Ain’t Nobody Got Time For That : A Boiling Frog

(Today's post is by Keith Senator)

Judges 3:7-31

Everyone has heard about what a frog does if he sits in a pot of water. He just sits there. As the heat is slowly turned up, he sits. Eventually the water get's so hot, the frog is past the point of jumping out of the pot, he has been overtaken by his circumstances.

It is easy to just go along with the cultural norm. You may listen to the same music, follow the stars, wear the same clothes and speak the same language. This is an observation I noticed in today's reading plan (Judges 3:7-31).

On many occasions in the Bible, we may notice that God's people were heading down the wrong path, and what was God's response? He allowed them to feel the weight of their collective decisions.

But then there is one…always one.

In each case, a person rises up in the face of this cultural norm and stands for the only true God. Does this person sit quietly in their prayer room and respond to the culture in silence? This is not what we see in scripture. In every case, God uses this person in mighty way. They lead.

By way of application, I am forced to ask myself, is there a place of complacency in my life? Am I following the crowd? It may not be outright sin, but is there somewhere I am just coasting? I am captivated by stories in the Bible and always enjoy watching God work through people. It just dawned on me that these heroes were just like us, or at least they could be.

I desire to constantly and consistently be encouraged and affirmed in my walk with the Lord by friends, daily time with Him in prayer and through the Word. This is the only defense to being boiled alive. Ain't nobody got time for that.

Is there a place in my life where I have become complacent?

Is there a place where I'm following the crowd, even though it may not be what's best for me?

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  • scott alexander

    The same theme continues to holds true to me. God doesn’t give up, he loves us enough to deliver us from ourselves and our sins.

  • Lem Hill

    I notice how God always finds a leader among the crowd. A lot of times we prefer to stick with the crowd because it’s easier and more convenient to blend. I’m challenged today to step away from the crowd.

  • Steven Gregory

    It is crazy to think about how man has time after time failed God yet he still loves us and reaches out to us. Not too long ago I read a piece on how when we do small things like denying yourself even when no one is looking is a form of worship. To me keeping this in mind helps me in small day to day decisions like bouncing your eyes or such. I know we can not earn his love but I think changing the way I think about worship vs sin is big. Okay, I’ve rambled enough

  • Brandon

    You all have provided some great insights into this passage! What I am struck by in this passage, and throughout the Old Testament, is the amount of God’s grace that is present. We think of the Gospels and Jesus most often when we think of grace. But here in this chapter, and throughout the rest of this book, we have the grace of God on full display. As Keith said, God always let Israel feel the weight of their decisions. He never left them there though. He sent people like Othniel and Ehud to save them. No matter how many times they turned their back, he always came and delivered them from the situation they created.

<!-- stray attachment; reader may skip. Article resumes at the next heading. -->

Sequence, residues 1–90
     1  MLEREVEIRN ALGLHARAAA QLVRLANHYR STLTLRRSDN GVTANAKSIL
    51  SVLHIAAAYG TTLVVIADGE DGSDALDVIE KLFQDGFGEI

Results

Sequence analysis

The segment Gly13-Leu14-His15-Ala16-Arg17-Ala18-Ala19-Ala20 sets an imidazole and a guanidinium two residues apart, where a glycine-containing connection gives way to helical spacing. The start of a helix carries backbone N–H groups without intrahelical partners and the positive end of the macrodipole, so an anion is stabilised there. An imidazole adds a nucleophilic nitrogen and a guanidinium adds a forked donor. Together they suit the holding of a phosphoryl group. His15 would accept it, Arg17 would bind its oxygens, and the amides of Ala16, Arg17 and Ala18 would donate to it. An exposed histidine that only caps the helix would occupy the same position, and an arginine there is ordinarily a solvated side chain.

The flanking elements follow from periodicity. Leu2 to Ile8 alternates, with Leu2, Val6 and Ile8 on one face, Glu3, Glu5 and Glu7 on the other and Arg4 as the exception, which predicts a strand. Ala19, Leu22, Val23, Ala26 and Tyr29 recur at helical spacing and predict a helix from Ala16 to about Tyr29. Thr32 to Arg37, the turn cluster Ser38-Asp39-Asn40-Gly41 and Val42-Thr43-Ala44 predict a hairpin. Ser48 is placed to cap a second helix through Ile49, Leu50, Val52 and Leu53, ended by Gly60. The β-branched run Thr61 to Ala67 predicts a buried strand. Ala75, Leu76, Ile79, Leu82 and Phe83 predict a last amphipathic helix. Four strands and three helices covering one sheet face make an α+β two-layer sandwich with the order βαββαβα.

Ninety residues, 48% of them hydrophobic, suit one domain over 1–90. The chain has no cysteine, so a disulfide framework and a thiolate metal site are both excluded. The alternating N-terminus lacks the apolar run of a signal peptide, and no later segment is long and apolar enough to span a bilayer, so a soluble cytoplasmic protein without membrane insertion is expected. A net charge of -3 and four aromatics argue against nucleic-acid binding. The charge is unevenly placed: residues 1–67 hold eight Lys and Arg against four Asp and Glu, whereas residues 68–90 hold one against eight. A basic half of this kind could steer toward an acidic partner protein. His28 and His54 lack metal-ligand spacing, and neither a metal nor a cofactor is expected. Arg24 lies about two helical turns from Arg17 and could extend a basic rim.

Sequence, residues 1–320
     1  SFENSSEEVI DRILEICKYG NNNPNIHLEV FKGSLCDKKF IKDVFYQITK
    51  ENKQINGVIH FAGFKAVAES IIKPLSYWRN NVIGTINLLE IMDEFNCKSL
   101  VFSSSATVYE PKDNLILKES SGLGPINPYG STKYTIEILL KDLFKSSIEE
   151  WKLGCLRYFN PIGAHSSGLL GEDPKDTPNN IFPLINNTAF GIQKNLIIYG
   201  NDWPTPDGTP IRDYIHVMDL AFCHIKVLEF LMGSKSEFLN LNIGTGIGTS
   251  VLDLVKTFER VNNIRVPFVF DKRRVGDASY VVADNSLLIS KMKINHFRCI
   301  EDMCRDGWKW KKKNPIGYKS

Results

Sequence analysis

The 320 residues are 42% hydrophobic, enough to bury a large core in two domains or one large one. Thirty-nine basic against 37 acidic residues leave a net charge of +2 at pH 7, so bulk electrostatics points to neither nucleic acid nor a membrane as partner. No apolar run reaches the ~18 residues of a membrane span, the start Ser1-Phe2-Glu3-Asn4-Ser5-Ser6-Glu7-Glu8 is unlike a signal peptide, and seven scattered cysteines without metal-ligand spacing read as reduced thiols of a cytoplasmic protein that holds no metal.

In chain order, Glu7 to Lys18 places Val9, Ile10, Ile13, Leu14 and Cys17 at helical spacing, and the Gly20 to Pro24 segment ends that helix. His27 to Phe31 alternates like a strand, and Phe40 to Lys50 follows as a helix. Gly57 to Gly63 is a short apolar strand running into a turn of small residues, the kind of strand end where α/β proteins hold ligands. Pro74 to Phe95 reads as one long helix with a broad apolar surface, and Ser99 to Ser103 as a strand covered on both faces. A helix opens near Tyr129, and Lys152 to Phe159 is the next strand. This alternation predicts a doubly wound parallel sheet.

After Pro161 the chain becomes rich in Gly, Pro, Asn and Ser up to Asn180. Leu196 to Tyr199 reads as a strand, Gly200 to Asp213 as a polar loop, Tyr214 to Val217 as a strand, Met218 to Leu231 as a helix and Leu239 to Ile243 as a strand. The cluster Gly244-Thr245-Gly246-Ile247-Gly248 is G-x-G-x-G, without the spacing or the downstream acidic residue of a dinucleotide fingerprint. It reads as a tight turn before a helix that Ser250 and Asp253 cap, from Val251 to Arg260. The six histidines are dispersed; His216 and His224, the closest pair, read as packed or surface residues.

Thankful to follow a God who will always deliver me…and us…no matter how many times we fail.

  • This part of the reading today was gross:

    The dagger went so deep that the handle disappeared beneath the king’s fat. So Ehud did not pull out the dagger, and the king’s bowels emptied. (Judges 3:22 NLT)


    But here’s what YELLED to me from the reading:

    “Follow me,” he said, “for the Lord has given you victory over Moab your enemy.” So they followed him. And the Israelites took control.. (Judges 3:28 NLT)

    • Ehud told them to follow him..but not because of anything he had done..he clearly states the fact the GOD has given them the victory. He points to the real source of victory. And the people live for 80 years in peace.

      Gimme that victory today God! Because YOU are already victorious.

  • Jeff Morton

    Keith you’re a weird cat, and I love it! What a great analogy! A while back I had let life mound up on me, one bad experience at a time till I was buried, doing church, stressed, and struggling. My whole family was either doing church or wanted nothing to do with church. God, (absolutely not me) grabbed me by the ear showed me HIS word and plan….. HE is changing my entire family one at a time. And I’m just a bystander! I said all that to say this: Jesus said wash each other’s feet. We’re gonna get dirty along the way. We need each other not for conviction of sin but being reminded to abide, when we abide together HE convicts and live and generations are changed. (steps off soapbox exits stage left)

  • Brad Bacon

    Love the boiling frog analogy – really illustrates how we can slowly become engaged in cultural norms without realizing the impact on the most important relationship we have, our daily walk. Peer pressure doesn’t stop in high school, it is an ever-present factor at school and in the community. Let’s be like Ehud and slay the bloated cultural beasts that block us from the Truth and the Life!

    • Brad Bacon

      Whoops – meant to say peer-pressure is a real factor at WORK and in the community.

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